Address to Adath Jeshurun, Minnetonka, Minnesota

Shabbat Shalom. First off, I want to express my gratitude to three men who made it possible for me to wake up in Minnesota. Lon Rosenfeld, who called me in my office in New York and said that I had to come. Rabbi Kravitz, who welcomed me to the bima and to Minnetonka with open arms, and my friend from college Donovan Hart, who let me crash on his sofa. Donovan is not Jewish – but he and his wife Rama and their children are members of the Unitarian Church that bought Adath’s old building – and apparently the place still smells like gefilte fish.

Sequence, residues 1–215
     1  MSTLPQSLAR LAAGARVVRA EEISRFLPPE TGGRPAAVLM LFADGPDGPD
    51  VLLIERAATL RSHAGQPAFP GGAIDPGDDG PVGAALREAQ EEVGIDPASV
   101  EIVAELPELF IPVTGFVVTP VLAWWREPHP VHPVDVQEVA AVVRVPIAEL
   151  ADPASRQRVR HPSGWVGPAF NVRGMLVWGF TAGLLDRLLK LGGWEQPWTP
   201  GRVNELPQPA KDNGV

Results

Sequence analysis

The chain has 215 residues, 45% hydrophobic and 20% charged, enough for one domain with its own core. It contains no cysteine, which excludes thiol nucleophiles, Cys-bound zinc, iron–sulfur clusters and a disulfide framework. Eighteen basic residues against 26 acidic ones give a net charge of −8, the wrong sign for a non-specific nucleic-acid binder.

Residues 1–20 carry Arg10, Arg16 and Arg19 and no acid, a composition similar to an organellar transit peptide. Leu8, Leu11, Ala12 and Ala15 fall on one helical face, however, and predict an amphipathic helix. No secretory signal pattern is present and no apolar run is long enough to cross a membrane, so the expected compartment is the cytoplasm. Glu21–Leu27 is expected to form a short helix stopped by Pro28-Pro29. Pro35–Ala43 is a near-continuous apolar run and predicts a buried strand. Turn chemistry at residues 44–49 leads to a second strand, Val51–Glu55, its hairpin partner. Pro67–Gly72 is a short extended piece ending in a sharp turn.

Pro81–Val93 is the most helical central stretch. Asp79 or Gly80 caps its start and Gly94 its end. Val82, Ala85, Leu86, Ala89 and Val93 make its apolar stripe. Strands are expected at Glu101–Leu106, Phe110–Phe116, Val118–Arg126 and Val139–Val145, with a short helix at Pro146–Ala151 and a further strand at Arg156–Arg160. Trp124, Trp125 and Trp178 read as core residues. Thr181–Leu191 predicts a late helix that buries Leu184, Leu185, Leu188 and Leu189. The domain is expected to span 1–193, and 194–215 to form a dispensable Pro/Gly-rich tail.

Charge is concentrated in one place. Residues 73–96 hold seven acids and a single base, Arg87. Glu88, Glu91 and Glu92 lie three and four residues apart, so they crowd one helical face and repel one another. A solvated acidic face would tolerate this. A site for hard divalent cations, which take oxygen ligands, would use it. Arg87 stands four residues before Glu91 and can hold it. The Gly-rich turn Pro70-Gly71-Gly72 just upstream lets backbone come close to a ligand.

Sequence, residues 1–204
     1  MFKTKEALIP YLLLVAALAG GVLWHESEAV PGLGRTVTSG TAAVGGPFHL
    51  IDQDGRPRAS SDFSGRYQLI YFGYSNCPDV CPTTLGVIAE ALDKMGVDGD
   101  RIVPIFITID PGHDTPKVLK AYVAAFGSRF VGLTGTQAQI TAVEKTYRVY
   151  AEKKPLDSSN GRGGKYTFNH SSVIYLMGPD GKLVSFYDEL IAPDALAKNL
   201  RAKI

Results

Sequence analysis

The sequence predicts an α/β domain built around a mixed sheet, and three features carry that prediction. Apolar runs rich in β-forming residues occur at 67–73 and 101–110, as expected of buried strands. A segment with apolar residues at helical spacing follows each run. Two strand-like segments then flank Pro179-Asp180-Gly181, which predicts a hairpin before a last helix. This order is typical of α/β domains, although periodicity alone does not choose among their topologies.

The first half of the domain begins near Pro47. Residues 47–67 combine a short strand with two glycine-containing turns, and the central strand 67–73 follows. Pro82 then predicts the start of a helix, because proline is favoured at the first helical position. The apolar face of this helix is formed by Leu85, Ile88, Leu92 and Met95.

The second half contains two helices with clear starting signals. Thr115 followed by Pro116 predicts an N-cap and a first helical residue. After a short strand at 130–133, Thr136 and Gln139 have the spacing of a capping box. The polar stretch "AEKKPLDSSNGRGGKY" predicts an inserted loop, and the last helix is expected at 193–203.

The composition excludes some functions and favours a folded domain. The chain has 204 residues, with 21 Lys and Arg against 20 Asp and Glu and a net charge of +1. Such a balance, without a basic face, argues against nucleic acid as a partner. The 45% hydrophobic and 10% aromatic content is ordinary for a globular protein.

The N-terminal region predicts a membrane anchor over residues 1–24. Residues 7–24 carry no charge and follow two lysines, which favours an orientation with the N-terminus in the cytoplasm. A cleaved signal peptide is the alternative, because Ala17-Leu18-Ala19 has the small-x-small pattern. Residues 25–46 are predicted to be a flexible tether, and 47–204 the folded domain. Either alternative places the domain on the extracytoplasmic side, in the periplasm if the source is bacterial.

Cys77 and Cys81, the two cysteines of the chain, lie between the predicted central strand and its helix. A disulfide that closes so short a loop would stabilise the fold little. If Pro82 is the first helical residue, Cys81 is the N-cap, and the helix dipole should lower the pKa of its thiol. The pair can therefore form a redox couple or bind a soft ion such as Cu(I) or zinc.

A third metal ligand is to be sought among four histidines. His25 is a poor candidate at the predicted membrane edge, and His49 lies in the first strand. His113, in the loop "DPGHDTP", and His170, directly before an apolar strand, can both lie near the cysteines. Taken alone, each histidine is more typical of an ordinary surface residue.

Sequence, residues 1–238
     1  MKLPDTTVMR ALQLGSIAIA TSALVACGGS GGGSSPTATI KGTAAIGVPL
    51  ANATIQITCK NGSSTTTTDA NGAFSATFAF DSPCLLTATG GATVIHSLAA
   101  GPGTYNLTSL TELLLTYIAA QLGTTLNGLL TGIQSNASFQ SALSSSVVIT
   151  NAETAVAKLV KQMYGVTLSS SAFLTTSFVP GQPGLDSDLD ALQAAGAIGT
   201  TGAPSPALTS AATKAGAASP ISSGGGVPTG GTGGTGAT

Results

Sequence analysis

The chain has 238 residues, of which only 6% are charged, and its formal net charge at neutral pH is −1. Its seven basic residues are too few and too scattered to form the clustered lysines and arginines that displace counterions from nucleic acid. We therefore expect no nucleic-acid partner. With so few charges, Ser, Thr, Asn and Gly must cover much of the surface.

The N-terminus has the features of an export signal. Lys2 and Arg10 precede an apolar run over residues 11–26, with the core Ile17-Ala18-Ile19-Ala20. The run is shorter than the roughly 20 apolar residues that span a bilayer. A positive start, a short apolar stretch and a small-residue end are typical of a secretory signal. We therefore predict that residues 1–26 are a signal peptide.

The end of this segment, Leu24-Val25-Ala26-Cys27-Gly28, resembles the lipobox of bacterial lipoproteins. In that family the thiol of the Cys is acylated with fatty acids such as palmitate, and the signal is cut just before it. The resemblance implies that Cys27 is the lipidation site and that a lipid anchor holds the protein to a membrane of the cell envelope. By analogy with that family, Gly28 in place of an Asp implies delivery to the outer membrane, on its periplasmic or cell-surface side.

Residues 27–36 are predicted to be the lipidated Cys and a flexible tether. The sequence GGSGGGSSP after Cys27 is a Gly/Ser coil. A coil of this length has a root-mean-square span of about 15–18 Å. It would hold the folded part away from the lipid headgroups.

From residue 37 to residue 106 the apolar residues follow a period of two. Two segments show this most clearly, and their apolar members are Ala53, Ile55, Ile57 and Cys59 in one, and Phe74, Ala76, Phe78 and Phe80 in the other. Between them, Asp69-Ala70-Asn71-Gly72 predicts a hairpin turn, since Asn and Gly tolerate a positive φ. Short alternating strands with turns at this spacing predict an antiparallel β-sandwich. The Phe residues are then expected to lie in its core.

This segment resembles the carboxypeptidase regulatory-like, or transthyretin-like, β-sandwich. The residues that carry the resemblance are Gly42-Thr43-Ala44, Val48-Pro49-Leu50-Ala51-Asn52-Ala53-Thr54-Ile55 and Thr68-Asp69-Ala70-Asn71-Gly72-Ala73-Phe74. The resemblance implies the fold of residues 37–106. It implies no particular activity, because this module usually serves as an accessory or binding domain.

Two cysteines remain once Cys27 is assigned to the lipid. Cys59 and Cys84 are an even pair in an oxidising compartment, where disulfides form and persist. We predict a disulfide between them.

I want to start with a few questions addressed to the middle school students who are here that I want you to answer to yourself. In your mind or your heart.

I know that you are all highly intelligent. You know that as Anya steps forward for her bat mitzvah it is a ritual about becoming a Jewish woman. That it is a recognition that one is no longer a child in the Jewish community. You also know that on a physical level, the body is maturing and preparing for procreation. Not that we encourage that sort of thing. Please wait til grad school.

You also know that religiously, the bat mitzvah is taking hold of the responsibilities outlined for adults in the Torah – to lead a life that honors the traditions, rituals, and ethical teachings of Torah within a community of shared responsibility.

But I want to ask you — what does it really mean to go from being a girl to being a woman?
What challenges do you need to face?
What experiences do you need to have?
What do you need to learn?
What do you need to feel?